A sign of life from the Lady
In an article best described as "not timely," the New York Times admits that the wild party reported on by Thayer Evans in his "piece of journalism" about the Jamarkus McFarland recruitment was completely fabricated, weeks after McFarland admitted so himself. Why so late, fellas? Oh, and welcome to the program ($).
Included is an interesting tidbit about Evans and McFarland disagreeing about whether or not McFarland went over the paper with Evans, as the author claims. McFarland was the one who lied in his newspaper, hurting his credibility, but it is Evans who has the most to lose at this point in terms of potential to look bad. Either way, it looks bad for both of them and the whole "staying close with them for months" thing.
In another real news flash, Kashemeyia Adams was pleased with the article and supports it. Of course she supports it. The article is mostly her opinion, often masquerading as fact. In fact, the whole angle for the article came directly from her mouth and stood completely unchallenged or investigated by Evans, the "journalist." For instance, Evans parrots Adams' claim of "numerous other inducements" from the Texas program or boosters, yet never specifies what they were.
The sensational claim from Adams in her response to the public outcry from Texas fans levels allegations of racism against some Texas supporters. In the wake of Buck Burnette's comments, there's no denying that racism still exists in Texas, and, on one occasion at least, exists in the program itself. Anyone making racists comments or threats directed at Adams and McFarland is beyond ignorant and absolutely reprehensible and, I hope, not indicative of the fanbase as a whole. Ignorance and hatred are no way to represent an institution charged precisely with relieving the aforementioned ignorance and located in a city known for progressive thinking and tolerance. I don't doubt that some Texas fans would stoop to that level, though Adams has about as much credibility with me right now as Evans, which is to say almost none.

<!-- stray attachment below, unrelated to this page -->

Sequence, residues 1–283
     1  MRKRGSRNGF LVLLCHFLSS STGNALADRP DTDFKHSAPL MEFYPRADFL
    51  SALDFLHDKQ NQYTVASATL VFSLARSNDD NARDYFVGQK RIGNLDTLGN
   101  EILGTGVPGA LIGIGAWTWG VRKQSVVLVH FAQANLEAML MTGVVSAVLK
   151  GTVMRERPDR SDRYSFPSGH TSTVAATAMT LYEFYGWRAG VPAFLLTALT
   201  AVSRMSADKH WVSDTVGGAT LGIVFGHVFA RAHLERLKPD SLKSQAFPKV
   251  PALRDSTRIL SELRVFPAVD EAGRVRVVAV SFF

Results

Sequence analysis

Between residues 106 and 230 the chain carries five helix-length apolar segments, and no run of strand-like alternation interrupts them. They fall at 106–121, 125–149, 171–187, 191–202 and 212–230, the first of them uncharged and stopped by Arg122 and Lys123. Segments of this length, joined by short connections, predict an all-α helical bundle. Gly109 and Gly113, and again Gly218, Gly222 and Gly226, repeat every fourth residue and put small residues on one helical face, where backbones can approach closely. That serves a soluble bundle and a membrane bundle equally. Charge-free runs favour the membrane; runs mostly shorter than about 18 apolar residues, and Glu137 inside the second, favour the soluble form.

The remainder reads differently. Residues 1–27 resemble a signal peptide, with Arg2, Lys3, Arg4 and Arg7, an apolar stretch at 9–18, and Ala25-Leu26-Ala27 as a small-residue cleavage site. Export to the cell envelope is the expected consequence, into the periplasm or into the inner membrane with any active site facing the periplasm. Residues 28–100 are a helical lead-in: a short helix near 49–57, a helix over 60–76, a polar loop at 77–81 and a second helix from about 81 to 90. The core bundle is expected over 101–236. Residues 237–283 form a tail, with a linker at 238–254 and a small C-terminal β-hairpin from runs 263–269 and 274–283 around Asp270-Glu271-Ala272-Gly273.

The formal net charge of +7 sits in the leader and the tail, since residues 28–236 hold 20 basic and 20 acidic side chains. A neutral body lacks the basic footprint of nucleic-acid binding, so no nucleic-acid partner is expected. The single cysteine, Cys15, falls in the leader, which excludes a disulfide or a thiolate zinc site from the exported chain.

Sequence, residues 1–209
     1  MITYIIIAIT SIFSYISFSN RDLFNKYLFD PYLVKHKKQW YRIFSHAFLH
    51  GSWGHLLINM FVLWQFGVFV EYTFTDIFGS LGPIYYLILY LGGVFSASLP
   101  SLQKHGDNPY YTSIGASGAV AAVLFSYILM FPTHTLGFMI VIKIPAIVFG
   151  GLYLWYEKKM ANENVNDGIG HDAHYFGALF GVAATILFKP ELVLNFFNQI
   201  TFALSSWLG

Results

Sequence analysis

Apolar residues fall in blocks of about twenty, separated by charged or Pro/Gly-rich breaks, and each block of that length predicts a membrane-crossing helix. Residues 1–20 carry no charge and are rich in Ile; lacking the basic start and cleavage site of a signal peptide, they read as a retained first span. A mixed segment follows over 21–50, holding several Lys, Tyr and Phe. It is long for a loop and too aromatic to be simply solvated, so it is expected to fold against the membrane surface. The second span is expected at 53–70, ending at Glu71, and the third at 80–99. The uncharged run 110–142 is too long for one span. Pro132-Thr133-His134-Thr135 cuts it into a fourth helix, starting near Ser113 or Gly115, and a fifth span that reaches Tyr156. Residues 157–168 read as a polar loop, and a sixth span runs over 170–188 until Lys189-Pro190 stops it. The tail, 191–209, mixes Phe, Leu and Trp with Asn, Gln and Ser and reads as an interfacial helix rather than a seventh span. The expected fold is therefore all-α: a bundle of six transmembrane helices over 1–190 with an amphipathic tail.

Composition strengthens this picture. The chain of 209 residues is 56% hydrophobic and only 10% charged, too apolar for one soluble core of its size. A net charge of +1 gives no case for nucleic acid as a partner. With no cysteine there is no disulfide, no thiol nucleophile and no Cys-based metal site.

Stupid, redux, aka "The Thayer Evans Story"
Evans admits that he should have corroborated the story about the party, but didn't think Adams and McFarland would mislead him. Because the first aspect of being a great investigative reporter is believing everything people tell you. Right. So here are the options for what happened during the education of Thayer Evans as a journalist: 1) Evans fell asleep during his classes, skipped them, just didn't pay attention, or was too stupid to comprehend, 2) Evans willfully disregards what he did learn/should have learned, or 3) his professors in Oklahoma were completely incompetent and he received a terrible journalism education, which raises questions about why the Times publishes his writing.